For many of us, the closest we’ve come to experiencing eternity is being on hold, waiting to talk to someone at AT&T. But one afternoon at Lake Siskiyou in Mount Shasta CA, I glimpsed eternity in a much more satisfying way.
The sky was a smooth, consistent shade of grey. I couldn’t see the sun’s circle of light through the grey, nor could I see individual clouds. The air was still. And like water running over my hands at just the right temperature, I could barely sense the air on my skin.
Time somehow evaporated, and I didn’t know when it would become tangible again.
Of course, the sky had been grey before. The air temperature had matched my skin before too. This wasn’t the first time I imagined what it would be like if the sun didn’t rise and set, if we didn’t gauge our lives by hours and days.
It wasn’t the first time I wondered how my life would change if humans didn’t need sleep and we were awake all the time.
The difference this time was the focus of my awareness. In that moment – regardless of how long the moment lasted – I allowed myself to experience a moment out of time.
I don’t usually tell people this, but I had what is known as a “shared death experience” when my life-partner Kate died. I know it’s hard to believe, but that night, spirits made themselves known to me.
Photo credit: istockphoto.com/karelin
I felt euphoric. The bliss lasted for months. I can still tap into it now.
And this may sound crazy, but I communicate with Kate and my mom and friends who have died and other non-physical beings. Regularly.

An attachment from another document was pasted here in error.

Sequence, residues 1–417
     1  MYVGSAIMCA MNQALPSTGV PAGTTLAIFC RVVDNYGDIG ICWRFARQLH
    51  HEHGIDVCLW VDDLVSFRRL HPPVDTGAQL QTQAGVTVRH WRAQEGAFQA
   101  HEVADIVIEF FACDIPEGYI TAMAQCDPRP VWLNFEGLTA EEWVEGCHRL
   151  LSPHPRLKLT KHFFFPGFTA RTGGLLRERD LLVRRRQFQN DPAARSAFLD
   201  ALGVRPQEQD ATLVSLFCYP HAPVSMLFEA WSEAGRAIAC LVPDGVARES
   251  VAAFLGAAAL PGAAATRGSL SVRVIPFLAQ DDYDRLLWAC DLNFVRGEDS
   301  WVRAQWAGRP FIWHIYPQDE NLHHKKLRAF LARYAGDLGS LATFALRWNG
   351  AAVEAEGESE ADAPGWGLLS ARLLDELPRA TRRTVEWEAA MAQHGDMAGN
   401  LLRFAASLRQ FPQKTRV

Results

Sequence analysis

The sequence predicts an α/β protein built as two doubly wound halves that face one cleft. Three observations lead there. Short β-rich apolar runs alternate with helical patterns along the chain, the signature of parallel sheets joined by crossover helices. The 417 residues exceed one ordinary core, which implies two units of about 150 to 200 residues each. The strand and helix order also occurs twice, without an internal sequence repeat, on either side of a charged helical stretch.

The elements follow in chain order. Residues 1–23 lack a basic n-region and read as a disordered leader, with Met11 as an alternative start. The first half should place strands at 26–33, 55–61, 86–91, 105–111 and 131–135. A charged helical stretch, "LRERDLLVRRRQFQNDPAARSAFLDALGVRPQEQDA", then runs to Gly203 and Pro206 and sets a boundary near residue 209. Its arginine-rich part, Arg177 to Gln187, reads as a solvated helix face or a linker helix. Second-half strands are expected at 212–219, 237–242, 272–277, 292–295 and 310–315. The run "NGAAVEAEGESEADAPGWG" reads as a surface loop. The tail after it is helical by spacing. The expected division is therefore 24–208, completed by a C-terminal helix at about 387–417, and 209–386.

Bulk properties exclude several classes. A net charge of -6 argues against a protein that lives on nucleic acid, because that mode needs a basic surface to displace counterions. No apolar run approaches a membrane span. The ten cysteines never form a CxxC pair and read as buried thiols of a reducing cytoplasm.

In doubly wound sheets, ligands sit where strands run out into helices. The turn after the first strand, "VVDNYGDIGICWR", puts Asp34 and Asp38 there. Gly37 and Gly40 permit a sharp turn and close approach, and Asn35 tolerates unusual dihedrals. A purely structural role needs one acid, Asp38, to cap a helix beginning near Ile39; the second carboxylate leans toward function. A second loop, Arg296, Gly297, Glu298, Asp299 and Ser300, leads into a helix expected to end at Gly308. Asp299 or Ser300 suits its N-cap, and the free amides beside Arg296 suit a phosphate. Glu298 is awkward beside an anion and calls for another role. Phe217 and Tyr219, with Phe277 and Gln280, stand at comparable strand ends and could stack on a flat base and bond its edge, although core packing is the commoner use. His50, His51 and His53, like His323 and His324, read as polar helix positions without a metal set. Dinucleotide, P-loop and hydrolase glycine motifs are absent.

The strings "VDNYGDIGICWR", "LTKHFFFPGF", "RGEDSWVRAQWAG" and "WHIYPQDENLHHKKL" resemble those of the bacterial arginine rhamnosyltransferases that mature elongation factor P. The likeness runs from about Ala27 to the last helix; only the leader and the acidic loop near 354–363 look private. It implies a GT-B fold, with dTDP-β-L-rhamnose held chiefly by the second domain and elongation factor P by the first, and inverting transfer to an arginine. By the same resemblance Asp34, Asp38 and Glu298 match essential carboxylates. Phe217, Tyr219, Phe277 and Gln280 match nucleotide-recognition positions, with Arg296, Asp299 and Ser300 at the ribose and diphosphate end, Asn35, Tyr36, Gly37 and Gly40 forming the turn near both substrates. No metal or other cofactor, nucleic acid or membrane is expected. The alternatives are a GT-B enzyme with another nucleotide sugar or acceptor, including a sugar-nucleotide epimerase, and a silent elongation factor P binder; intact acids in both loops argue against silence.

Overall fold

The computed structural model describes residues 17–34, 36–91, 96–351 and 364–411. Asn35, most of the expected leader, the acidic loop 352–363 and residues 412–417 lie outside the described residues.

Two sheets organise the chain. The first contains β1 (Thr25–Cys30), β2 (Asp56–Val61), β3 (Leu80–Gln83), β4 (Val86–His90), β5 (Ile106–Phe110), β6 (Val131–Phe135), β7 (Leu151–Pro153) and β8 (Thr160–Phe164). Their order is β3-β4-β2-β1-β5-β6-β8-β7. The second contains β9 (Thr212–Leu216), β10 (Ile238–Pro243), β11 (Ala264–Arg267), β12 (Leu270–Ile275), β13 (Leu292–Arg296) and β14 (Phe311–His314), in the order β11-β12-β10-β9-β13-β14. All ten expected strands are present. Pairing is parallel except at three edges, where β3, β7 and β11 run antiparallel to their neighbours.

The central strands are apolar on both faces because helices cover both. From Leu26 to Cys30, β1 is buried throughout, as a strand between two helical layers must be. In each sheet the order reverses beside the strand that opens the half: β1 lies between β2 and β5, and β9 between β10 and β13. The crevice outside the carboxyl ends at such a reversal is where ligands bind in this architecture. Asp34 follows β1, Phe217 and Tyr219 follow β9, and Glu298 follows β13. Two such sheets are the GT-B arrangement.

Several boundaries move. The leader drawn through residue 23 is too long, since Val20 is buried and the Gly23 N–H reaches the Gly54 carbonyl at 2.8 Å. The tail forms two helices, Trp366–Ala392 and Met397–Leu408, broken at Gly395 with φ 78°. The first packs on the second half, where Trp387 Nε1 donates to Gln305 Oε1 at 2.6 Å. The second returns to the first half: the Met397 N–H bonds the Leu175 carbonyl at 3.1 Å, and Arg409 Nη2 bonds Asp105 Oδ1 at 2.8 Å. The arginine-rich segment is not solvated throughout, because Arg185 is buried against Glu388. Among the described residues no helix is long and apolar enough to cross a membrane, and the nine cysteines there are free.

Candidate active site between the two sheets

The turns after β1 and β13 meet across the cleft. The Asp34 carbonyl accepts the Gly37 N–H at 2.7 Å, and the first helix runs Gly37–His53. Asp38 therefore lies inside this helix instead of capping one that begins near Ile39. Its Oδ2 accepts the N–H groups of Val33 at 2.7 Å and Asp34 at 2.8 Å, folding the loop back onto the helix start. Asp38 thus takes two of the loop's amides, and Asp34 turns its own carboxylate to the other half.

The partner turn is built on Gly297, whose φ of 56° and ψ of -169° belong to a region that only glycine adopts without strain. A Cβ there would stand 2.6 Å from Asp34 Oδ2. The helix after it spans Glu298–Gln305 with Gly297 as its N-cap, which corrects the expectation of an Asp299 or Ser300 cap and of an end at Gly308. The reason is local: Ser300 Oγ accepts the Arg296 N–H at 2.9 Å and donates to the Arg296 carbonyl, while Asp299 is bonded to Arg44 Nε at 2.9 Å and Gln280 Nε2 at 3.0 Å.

Yes, they communicate back.
All of these words are true for me. And they are all variations of some of the most common sentiments I’ve heard again and again – both spoken and implied – in discussions I facilitated this past year and in one-on-one conversations.
I don’t usually tell people this, but . . .
I know it’s hard to believe, but . . .
This may sound crazy, but . . .
That we give disclaimers or hesitate to share real experiences because of what others may think is a fascinating human idiosyncrasy. But what’s even more fascinating to me is what often happens next.
I admit, I’m biased. I already believe there’s life after death. Several first-hand experiences have opened my eyes to the existence of an unseen world. But even more than that, I believe in an afterlife because of a deep inner knowing I can barely explain in words. The question for me becomes “Is that enough?”
I ask this because I am a seeker. I love research and stories and learning. I love asking questions even more than finding answers. I am an enthusiastic Student Of Life. Which makes me equally a Student Of Death.
This interconnectedness brings me to share Death Makes Life Possible, a new film produced by Marilyn Schlitz, Ph.D. and Deepak Chopra, M.D. (with the Institute of Noetic Sciences and the Deepak Chopra Foundation) that explores whether consciousness survives physical death. This documentary overlaps with much of what I’ve been thinking and writing about since 2012.
It felt only natural to support this project, and so I’ve been helping create the film’s discussion guides and educational materials since last winter. I’ve been thrilled to be involved!